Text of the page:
KAMISHIBAI

Here at the Manga Museum, we have regular performances of "Kamishibai," a traditional Japanese style of story-telling with pictures, which used to be popular as street entertainment. Everyone from children to the elderly can enjoy performances by the Museum's Kamishibai group, known as Yassan Ichiza.


The origins of Manga...

Manga has garnered much attention from teachers and others in fields related to children's education and culture, because it is a powerful tool for communication, and a medium of expression that is easily accessible to children. Especially interesting is the relationship between Kamishibai and popular culture, as it enjoyed widespread popularity in Japan from the 1930s to the 1950s.

When Kamishibai was at its peak, around 1950, there were said to be about 3000 Kamishibai performers in Tokyo, and 50,000 in all of Japan. What's more, a number of now famous manga artists, such as Kojima Goseki, Shirato Sanpei, and Mizuki Shigeru, got their start in Kamishibai during this period. Thus, although the spread of television in the late 1950s and early 1960s led to a decline in Kamishibai's popularity, its stories and characters, and even some of its methods of expression, lived on in the form of manga.

There are actually two types of Kamishibai: "street-corner" and "educational." The latter includes Kamishibai used for education during World War II, which continued after the war to play an important role in children's education and edification. Through both of these styles, Kamishibai has considerable influence on children; many people are now considering its potential uses in education.


Program of Kamishibai Performaces

Program of Kamishibai Performaces:

"Four Panel Kamishibai"
"Kamishibai Without Words"
"MM Original Kamishibai"



Kamishibai Timetable


Weekday
Weekend
AM
11:30
 
PM
 
0:00

2:00
1:30

 
3:00

* One performance lasts about 30 minutes.
* We have sometime between performances, you can watch an apprentice Kamishibai artist test his or her skills.
* As there may be changes or cancellations, please confirm the performance time beforehand.
* Group reservations are also available. Please inquire ahead of time.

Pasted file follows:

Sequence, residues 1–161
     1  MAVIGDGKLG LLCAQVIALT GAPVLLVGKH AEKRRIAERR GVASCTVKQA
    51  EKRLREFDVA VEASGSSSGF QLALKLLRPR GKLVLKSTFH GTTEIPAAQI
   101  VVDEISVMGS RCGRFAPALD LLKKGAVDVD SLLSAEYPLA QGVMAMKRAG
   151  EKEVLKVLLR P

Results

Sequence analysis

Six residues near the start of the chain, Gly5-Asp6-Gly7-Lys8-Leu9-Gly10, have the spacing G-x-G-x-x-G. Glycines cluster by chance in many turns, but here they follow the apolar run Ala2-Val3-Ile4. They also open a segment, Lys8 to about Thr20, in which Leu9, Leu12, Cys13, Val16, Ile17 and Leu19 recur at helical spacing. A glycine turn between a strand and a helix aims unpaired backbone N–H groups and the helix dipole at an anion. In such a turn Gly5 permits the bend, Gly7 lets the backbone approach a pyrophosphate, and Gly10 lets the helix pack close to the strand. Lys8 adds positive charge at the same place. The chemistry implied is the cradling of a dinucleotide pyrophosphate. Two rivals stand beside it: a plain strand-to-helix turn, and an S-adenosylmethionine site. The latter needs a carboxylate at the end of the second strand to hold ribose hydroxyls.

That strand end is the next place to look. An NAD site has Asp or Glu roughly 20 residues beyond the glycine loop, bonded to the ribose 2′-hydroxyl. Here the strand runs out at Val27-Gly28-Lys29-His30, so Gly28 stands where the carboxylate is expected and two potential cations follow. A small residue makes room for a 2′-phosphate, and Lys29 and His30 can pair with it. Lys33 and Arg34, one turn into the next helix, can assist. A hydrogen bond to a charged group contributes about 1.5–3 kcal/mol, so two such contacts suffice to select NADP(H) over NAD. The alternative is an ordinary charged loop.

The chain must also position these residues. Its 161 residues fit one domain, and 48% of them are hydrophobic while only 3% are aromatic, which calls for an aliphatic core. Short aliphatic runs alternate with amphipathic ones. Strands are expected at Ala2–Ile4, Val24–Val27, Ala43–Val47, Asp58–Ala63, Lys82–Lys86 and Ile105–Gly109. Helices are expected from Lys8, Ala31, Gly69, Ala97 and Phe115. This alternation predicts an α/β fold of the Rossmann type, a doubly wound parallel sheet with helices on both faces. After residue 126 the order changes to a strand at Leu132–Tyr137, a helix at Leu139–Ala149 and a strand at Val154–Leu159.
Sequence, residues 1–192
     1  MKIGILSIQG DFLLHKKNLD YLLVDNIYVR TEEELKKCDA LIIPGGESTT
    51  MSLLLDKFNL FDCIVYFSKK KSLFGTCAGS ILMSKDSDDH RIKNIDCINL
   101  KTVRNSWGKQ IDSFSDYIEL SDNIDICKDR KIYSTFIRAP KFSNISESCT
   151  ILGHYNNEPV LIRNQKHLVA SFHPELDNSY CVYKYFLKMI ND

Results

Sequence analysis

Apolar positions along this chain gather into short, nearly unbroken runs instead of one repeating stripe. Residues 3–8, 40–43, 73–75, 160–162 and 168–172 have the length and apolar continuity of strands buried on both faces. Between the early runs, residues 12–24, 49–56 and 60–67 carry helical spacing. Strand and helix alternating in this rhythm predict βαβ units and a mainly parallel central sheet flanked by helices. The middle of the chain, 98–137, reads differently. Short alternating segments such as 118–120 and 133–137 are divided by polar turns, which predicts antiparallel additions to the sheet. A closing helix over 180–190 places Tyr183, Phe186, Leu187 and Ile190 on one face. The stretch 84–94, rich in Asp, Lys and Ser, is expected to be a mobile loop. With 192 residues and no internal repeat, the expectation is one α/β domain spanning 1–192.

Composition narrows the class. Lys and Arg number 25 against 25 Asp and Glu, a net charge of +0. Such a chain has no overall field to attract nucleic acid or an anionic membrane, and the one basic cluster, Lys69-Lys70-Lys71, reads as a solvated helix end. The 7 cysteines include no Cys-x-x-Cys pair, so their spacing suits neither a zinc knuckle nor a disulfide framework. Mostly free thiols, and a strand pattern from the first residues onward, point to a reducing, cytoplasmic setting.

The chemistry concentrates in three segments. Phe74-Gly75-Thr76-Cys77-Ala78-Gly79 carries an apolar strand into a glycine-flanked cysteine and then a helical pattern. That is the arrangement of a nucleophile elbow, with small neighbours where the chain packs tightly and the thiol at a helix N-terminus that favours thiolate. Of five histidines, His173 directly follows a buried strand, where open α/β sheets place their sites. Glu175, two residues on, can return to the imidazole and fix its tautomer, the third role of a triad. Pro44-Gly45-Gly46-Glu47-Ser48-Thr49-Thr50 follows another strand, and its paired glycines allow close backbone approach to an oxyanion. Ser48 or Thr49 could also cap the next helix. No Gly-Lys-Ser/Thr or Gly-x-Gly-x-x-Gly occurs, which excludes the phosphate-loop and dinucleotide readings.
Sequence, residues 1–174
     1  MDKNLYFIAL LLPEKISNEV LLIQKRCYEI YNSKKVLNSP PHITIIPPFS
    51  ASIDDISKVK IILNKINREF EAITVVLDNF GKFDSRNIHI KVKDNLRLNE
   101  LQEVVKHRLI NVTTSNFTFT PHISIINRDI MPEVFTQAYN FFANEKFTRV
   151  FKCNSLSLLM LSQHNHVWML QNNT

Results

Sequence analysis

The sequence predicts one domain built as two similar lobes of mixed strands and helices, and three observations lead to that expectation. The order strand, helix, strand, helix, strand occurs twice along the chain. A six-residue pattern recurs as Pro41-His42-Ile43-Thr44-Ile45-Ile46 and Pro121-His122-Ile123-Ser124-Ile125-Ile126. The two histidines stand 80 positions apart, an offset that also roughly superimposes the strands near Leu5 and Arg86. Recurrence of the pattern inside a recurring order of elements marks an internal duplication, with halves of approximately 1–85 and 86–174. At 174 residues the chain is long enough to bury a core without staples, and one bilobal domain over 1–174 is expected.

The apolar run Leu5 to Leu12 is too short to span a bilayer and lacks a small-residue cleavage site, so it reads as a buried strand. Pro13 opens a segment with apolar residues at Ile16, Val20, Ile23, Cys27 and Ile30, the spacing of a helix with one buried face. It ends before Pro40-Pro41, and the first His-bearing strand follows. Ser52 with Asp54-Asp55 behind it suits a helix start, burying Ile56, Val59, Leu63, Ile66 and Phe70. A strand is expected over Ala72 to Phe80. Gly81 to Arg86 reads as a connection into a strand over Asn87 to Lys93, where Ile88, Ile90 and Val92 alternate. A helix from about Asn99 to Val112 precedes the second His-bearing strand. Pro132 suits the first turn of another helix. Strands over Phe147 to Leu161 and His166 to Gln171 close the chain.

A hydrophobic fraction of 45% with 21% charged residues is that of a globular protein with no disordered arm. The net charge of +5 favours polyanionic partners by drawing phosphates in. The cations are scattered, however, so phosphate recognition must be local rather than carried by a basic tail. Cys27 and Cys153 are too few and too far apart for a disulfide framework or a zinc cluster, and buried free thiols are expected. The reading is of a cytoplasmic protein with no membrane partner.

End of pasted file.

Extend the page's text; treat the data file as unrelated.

*On Saturday 24 November 2012, Yassan's memorial kamishibai performance will be held in the 1st floor Multipurpose Hall from 1pm and 3pm. Regular kamishibai performance will not take place in the 2nd floor kamishibai room on this day. We thank you for your understanding. Event information for Yassan's memorial kamishibai performance is available in Japanese only.

Profiles of the Members of "Yassan Ichiza," our Kamishibai Group

Danmaru

He grew up watching Yassan perform Kamishibai.

Danmaru draws pictures with a free heart, and has a special dream. That dream is to build a log house or tree house in the mountains and construct a "Country of Dreams" for children.

That's how he chose this path, the path of a Kamishibai artist.

Alright, it's time for a Kamishibai performance by Danmaru! C'mon!



Rakkyomu AKA Araki Yuki

In 2004, while active as a Kamishibai artist, he entered an agricultural training program in Mie Prefecture. In the fields and paddies there, he came to understand the formless yet tangible power of "life." He wanted to convey that through words, and realized that Kamishibai could enable him to do that.

In 2005, he met Yassan and became his apprentice.

He debuted in early January of 2006. From then on, Rakkyomu, along with Chaka Maru, has been in charge of commissioned performances from Kawanishi City in Hyogo Prefecture and Wakayama City in Wakayama Prefecture.

Since May 2007, while performing periodically at our museum, he has been doing farmwork. He wants to perform Kamishibai that focus on agriculture.



Chaka Maru AKA Yasuno Yumi

Chaka Maru grew up watching Yassan perform Kamishibai, and she performed Kamishibai herself for the first time when she was in high school. In college, she received an award for her thesis on "street-corner Kamishibai." She is also a licensed kindergarten teacher. Her specialty is performances for children focusing on nutrition and eating right.

Her nickname "Chaka Maru" comes from the fact that she doesn't stop talking once she starts (it is based on the longer Japanese nickname "Chakapoko Musume"). She is also in charge of commissioned performances from Boards of Education in surrounding areas, such as Kawanishi City in Hyogo Prefecture, Nose in Osaka, and Wakayama City in Wakayama Prefecture.



About the voice-guided "ABCs of Kamishibai" machine

The voice-guided
"ABCs of Kamishibai" machine

You can learn the "ABCs" of Kamishibai with this audio guide.

It is in front of the Kamishibai room on the second floor. Here you can learn all about the basics of Kamishibai. It covers five topics, from the history of Kamishibai to its connection with manga.

[The Five Topics]
  • (1) The Origins of Kamishibai
  • (2) The Street-Corner Kamishibai System
  • (3) Street-Corner Kamishibai and Printed Kamishibai
  • (4) How many "Golden Bats" are there?!
  • (5) Manga and Kamishibai


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AddressAccess

Karasuma-Oike, Nakagyo-ku, Kyoto 604-0846 Japan

TEL: +81-75-254-7414 FAX: +81-75-254-7424